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List of Findings and Recommendations Given below is a complete list of the committee’s findings FINDING. Domestic Production of 238Pu. There are two and recommendations, in the order in which they appear in viable approaches for reestablishing production of 238Pu, the report. both of which would use facilities at Idaho National Labora- tory and Oak Ridge National Laboratory. These are the best FINDING. Production of 238Pu. The United States has not options, in terms of cost, schedule, and risk, for producing produced 238Pu since the Department of Energy shut down its 238Pu in time to minimize the disruption in NASA’s space nuclear weapons production reactors in the late 1980s. science and exploration missions powered by RPSs. FINDING. Importance of RPSs. RPSs have been, are now, FINDING. Alternate Fuels and Innovative Concepts. and will continue to be essential to the U.S. space science Relying on fuels other than 238Pu and/or innovative con- and exploration program. cepts for producing 238Pu as the baseline for reestablishing domestic production of 238Pu would increase technical risk FINDING. Plutonium-238 Supply. Plutonium-238 is and substantially delay the production schedule. Neverthe- the only isotope suitable as an RPS fuel for long-duration less, research into innovative concepts for producing 238Pu, missions because of its half-life, emissions, power density, such as the use of a commercial light-water reactor, may be specific power, fuel form, availability, and cost. An assured a worthwhile investment in the long-term future of RPSs. supply of 238Pu is required to sustain the U.S. space science and exploration program. FINDING. Current Impact. NASA has already been m ­ aking mission-limiting decisions based on the short ­supply FINDING. Roles and Responsibilities. Roles and respon- of 238Pu. sibilities as currently allocated between NASA and the Department of Energy are appropriate, and it is possible FINDING. Urgency. Even if the Department of Energy to address outstanding issues related to the short supply of budget for fiscal year 2010 includes funds for reestablish- 238Pu and advanced flight-qualified RPS technology under ing 238Pu production, some of NASA’s future demand for the existing organizational structures and allocation of roles 238Pu will not be met. Continued delays will increase the and responsibilities. shortfall. FINDING. RPS Nuclear Safety. The U.S. flight safety HIGH-PRIORITY RECOMMENDATION. Plutonium- review and launch approval process for nuclear systems 238 Production. The fiscal year 2010 federal budget should comprehensively addresses public safety, but it introduces fund the Department of Energy (DOE) to reestablish produc- schedule requirements that must be considered early in the tion of 238Pu. RPS system development and mission planning process. • As soon as possible, the DOE and the Office of Man- FINDING. Foreign Sources of 238Pu. No significant agement and Budget should request—and Congress amounts of 238Pu are available in Russia or elsewhere in the should provide—adequate funds to produce 5 kg of world, except for the remaining 238Pu that Russia has already 238Pu per year. agreed to sell to the United States. Procuring 238Pu from • NASA should issue annual letters to the DOE defining R ­ ussia or other foreign nations is not a viable option. the future demand for 238Pu. 31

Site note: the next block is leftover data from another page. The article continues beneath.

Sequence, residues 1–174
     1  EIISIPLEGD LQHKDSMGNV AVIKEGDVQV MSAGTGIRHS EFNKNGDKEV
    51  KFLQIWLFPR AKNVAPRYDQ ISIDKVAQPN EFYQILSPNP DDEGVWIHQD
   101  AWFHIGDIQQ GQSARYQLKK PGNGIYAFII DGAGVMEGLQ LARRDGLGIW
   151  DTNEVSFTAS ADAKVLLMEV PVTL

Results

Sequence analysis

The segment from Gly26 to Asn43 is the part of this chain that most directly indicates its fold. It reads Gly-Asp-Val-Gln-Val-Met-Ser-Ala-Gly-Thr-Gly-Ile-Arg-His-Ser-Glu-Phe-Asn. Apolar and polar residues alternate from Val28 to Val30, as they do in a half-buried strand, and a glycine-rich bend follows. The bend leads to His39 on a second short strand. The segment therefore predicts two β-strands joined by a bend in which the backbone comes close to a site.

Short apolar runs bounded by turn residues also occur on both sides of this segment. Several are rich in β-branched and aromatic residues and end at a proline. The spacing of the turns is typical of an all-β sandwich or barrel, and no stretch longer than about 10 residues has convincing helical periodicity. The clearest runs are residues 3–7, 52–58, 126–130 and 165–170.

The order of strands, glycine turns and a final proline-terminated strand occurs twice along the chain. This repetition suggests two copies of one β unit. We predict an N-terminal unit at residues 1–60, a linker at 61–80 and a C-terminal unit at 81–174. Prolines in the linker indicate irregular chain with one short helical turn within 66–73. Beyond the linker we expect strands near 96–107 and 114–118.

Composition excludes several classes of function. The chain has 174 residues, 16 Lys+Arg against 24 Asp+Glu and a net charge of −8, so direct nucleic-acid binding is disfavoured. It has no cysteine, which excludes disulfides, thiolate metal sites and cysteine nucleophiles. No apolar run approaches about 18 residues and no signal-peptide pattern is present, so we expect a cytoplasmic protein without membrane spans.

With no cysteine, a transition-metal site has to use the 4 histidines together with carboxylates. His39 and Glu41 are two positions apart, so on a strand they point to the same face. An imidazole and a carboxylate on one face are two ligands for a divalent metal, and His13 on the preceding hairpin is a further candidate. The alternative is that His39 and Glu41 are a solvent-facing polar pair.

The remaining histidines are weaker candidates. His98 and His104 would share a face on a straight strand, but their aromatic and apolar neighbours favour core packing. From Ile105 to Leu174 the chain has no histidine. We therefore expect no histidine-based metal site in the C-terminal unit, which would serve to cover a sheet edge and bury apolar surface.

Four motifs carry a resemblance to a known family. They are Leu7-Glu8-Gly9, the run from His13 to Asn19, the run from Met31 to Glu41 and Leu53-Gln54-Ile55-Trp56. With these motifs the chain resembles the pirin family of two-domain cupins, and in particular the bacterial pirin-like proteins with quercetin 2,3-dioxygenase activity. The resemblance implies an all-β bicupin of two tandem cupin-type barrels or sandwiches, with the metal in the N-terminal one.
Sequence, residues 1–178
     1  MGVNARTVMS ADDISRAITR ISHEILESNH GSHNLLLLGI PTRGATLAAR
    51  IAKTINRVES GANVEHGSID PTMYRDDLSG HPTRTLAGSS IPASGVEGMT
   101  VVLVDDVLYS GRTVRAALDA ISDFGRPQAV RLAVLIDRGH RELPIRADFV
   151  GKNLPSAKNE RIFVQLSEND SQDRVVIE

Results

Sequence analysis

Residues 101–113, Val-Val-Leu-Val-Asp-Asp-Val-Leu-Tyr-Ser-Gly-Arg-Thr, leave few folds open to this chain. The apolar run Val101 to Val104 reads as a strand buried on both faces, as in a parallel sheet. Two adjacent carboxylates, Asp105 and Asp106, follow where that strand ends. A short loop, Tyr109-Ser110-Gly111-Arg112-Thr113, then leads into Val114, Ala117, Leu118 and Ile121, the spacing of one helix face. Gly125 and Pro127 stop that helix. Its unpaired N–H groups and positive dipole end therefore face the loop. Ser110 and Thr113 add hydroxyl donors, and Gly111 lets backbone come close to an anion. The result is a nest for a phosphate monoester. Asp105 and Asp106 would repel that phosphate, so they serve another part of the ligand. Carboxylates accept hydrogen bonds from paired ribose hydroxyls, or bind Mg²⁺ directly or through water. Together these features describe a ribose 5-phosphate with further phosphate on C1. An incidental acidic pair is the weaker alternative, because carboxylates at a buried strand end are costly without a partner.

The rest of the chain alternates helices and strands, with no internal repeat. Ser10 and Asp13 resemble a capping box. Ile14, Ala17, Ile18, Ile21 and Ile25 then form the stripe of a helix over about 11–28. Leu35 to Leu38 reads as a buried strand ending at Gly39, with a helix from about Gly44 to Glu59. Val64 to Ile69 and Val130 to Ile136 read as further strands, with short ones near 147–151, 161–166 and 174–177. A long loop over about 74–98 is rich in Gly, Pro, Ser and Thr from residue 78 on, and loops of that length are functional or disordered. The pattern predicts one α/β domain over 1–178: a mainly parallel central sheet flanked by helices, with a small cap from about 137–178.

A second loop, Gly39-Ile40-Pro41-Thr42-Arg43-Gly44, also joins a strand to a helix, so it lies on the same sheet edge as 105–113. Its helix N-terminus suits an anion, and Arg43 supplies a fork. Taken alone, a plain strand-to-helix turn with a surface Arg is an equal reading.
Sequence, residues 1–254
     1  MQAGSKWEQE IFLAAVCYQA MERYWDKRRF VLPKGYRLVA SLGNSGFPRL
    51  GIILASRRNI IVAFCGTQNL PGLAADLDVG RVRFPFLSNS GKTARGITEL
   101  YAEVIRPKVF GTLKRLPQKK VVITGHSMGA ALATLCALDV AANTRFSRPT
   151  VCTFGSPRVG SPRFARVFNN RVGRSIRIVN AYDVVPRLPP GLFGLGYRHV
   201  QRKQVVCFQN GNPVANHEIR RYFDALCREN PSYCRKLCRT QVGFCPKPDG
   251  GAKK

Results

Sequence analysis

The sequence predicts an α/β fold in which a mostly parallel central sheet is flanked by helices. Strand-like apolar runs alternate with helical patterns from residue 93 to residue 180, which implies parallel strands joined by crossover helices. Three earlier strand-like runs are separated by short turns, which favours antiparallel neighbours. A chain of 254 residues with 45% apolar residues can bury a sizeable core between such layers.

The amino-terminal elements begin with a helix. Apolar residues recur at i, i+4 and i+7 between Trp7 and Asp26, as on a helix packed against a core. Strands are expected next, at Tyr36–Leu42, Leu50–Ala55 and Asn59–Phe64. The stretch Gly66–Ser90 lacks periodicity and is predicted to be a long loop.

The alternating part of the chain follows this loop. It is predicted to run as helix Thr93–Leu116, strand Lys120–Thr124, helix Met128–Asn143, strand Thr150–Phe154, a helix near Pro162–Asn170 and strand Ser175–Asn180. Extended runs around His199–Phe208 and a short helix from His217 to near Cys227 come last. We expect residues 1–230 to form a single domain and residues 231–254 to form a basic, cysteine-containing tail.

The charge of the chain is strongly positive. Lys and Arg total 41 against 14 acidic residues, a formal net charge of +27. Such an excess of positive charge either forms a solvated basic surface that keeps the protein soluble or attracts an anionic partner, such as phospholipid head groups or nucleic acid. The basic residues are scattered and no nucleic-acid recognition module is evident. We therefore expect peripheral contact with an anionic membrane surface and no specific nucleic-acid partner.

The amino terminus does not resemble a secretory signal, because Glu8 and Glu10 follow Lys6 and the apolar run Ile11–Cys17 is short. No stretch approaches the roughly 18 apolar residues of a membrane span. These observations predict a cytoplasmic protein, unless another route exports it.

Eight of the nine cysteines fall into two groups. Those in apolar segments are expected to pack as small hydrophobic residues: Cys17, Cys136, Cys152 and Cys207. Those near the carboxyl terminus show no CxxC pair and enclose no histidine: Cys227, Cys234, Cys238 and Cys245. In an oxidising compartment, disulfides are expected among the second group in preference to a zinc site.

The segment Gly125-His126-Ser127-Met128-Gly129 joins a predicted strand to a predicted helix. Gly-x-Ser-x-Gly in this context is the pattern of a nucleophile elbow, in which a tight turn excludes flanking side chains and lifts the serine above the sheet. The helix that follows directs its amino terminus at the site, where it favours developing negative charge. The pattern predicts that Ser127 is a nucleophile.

32 RADIOISOTOPE POWER SYSTEMS FINDING. Programmatic Balance. Balance within RECOMMENDATION. Technology Plan. NASA should NASA’s RPS program is impossible given the current ­(fiscal develop and implement a comprehensive RPS technology year 2009) budget and the focus on development of flight- plan that meets NASA’s mission requirements for RPSs ready ASRG technology. However, NASA is moving the while minimizing NASA’s demand for 238Pu. This plan ASRG project forward, albeit at the expense of other RPS should include, for example: technologies. • A prioritized set of program goals. FINDING. Multi-Mission Radioisotope Thermoelectric • A prioritized list of technologies. Generators. It is important to the national interest to main- • A list of critical facilities and skills. tain the capability to produce Multi-Mission Radioisotope • A plan for documenting and archiving the knowledge Thermoelectric Generators, given that proven replacements base. do not now exist. • A plan for maturing technology in key areas, such as reliability, power, power degradation, electrical inter- RECOMMENDATION. Multi-Mission Radioisotope faces between the RPS and the spacecraft, thermal Thermoelectric Generators. NASA and/or the Department interfaces, and verification and validation. of Energy should maintain the ability to produce Multi- • A plan for assessing and mitigating technical and sched- M ­ ission Radioisotope Thermoelectric Generators. ule risk.,., FINDING. Flight Readiness. NASA does not have a HIGH-PRIORITY RECOMMENDATION. ASRG broadly accepted set of requirements and processes for D ­ evelopment. NASA and the Department of Energy (DOE) demonstrating that new technology is flight ready and for should complete the development of the Advanced Stirling committing to its use. Radioisotope Generator (ARSG) with all deliberate speed, with the goal of demonstrating that ASRGs are a viable RECOMMENDATION. Flight Readiness. The RPS pro- option for the Outer Planets Flagship 1 mission. As part gram and mission planners should jointly develop a set of this effort, NASA and the DOE should put final design of flight-readiness requirements for RPSs in general and ASRGs on life test as soon as possible (to demonstrate reli- Advanced Stirling Radioisotope Generators in particular, as ability on the ground) and pursue an early opportunity for well as a plan and a timetable for meeting the requirements. operating an ASRG in space (e.g., on Discovery 12).